OUR VIEW: The Port’s Quick Punt

An editorial by the Kitsap Sun, January 13, 2013

For five years the Bremerton Marina‘s biggest stumbling block has been obvious: an occupancy rate that hasn’t moved enough to stem continued operating losses of the major piece of the city’s waterfront.

The Port of Bremerton, which built the $34 million facility using a funding mechanism dubbed a “stealth tax” for its lack of wide public notice, has tried to turn things around. There have been renewed marketing campaigns, boat shows and events have been hosted, and most recently the Port’s leadership investigated farming operations out to a private company to fill the 300 slips, about 2/3 of which sit empty.

The first two ideas can be judged on their results — the third didn’t seem to get a whiff of a chance.

Back in October 2012 port commissioners were talking about finding interested private groups to pitch operating plans that may produce more tenants and guests than staff has been able to attract. The formal request for proposals was issued in November, and two plans for the job were submitted by Friday, Dec. 28. By the evening of Tuesday, Jan. 8 — just six working days later and without having turned over the proposals for public inspection, which the law allows for — commissioners squelched both offers.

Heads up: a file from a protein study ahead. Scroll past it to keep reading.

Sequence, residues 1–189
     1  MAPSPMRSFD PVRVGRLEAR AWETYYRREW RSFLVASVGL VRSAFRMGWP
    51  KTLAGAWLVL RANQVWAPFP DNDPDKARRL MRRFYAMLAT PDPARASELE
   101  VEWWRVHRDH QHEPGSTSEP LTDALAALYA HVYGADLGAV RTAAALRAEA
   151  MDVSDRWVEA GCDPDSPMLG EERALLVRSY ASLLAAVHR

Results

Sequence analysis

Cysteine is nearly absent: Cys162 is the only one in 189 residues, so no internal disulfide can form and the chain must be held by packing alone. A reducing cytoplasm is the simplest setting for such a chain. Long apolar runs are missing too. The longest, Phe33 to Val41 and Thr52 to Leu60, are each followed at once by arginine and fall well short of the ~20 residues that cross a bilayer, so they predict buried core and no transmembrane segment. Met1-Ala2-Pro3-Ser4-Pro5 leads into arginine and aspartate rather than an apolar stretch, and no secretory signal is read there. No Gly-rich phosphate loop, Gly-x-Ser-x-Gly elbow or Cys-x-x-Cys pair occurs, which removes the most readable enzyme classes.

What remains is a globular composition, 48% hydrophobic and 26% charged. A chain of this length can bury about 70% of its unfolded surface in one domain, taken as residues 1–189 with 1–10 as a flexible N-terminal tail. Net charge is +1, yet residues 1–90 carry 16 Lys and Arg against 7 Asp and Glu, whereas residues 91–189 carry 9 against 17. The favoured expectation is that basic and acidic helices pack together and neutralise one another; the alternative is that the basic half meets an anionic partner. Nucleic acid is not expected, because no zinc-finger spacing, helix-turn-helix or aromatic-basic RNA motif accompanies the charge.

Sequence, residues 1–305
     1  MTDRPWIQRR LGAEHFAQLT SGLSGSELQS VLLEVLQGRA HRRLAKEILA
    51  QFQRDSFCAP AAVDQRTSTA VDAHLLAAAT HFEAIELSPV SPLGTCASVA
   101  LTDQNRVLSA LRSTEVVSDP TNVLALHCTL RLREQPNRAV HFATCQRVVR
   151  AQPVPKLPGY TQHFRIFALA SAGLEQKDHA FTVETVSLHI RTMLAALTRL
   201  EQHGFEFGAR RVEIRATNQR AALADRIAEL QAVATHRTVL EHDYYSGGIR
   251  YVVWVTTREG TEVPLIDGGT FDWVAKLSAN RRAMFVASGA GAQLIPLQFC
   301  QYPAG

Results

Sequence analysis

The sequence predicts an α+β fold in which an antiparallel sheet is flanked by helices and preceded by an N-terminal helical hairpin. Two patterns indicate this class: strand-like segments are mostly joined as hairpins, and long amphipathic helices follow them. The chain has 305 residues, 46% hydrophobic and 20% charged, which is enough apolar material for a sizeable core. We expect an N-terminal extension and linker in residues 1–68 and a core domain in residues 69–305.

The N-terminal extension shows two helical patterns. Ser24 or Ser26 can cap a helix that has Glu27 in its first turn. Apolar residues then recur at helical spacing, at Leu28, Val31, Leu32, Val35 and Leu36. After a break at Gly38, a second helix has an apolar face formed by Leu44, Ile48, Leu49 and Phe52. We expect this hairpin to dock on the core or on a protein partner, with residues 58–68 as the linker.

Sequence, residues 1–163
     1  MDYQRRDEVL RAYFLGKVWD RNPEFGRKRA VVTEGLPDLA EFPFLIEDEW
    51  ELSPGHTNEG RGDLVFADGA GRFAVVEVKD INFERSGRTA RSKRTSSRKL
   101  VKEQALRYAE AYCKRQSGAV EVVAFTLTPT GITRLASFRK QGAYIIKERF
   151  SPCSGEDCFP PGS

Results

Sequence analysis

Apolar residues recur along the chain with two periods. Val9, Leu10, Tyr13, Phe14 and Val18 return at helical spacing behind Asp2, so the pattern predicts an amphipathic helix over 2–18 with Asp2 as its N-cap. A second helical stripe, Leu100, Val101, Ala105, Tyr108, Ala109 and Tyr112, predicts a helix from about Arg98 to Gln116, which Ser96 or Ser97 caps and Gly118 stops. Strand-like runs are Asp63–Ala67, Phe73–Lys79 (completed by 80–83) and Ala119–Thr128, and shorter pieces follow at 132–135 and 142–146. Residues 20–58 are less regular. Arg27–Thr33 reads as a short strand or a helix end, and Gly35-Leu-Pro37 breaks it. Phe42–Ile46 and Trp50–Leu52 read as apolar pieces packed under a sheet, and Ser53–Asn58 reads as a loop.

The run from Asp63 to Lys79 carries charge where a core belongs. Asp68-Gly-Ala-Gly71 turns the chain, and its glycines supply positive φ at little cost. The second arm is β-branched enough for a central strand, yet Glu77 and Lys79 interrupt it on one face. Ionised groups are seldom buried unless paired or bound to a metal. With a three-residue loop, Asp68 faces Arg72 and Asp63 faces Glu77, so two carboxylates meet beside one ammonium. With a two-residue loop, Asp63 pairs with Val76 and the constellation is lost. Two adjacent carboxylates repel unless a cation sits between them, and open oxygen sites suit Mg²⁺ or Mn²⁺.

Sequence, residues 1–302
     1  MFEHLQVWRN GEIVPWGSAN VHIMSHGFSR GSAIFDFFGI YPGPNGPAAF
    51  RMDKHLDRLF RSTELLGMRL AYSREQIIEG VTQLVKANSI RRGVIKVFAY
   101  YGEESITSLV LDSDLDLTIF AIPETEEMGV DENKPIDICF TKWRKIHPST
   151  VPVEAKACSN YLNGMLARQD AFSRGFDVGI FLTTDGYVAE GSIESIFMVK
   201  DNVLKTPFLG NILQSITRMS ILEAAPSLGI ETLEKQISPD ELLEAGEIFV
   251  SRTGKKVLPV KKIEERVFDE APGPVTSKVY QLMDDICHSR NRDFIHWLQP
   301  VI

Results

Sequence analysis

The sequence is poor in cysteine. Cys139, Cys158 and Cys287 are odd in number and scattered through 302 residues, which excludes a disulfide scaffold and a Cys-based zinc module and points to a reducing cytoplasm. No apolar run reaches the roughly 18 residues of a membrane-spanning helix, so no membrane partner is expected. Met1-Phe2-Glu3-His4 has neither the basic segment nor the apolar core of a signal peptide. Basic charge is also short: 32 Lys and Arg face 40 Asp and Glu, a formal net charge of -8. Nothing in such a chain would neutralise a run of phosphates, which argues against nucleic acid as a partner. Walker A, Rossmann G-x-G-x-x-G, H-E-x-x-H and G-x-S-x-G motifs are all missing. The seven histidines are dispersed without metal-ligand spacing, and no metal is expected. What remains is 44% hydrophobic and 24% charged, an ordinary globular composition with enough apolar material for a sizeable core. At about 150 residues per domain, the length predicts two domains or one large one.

The rapid decision raises questions of how thoroughly the plans could have been vetted. Port commissioners offered no reasons for their decision during that Jan. 8 meeting, besides passing along the advice of a Kenmore-based consultant that had done all of its analysis in an incredibly squeezed time frame around the holidays. There was also apparently a lack of communication with the bidders, according to one of the parties who pitched a business plan and was never questioned about its specifics.

Port commissioners have every right to reject proposals that don’t pencil out, and private management may not be the best way to run such a large public investment. But to make that decision without a word of explanation to the public? And after just more than a week during a time of year when most are taking leave for the holidays? After four years of struggling to find a successful strategy for the Bremerton Marina, this rejection seems oddly premature and suspiciously quiet.

A few years ago the Port of Bremerton stated a commitment to being more open with the taxpayers, driven almost entirely by the distrust surrounding the marina project. There’s new leadership now, but this decision reminds us of the same old story.


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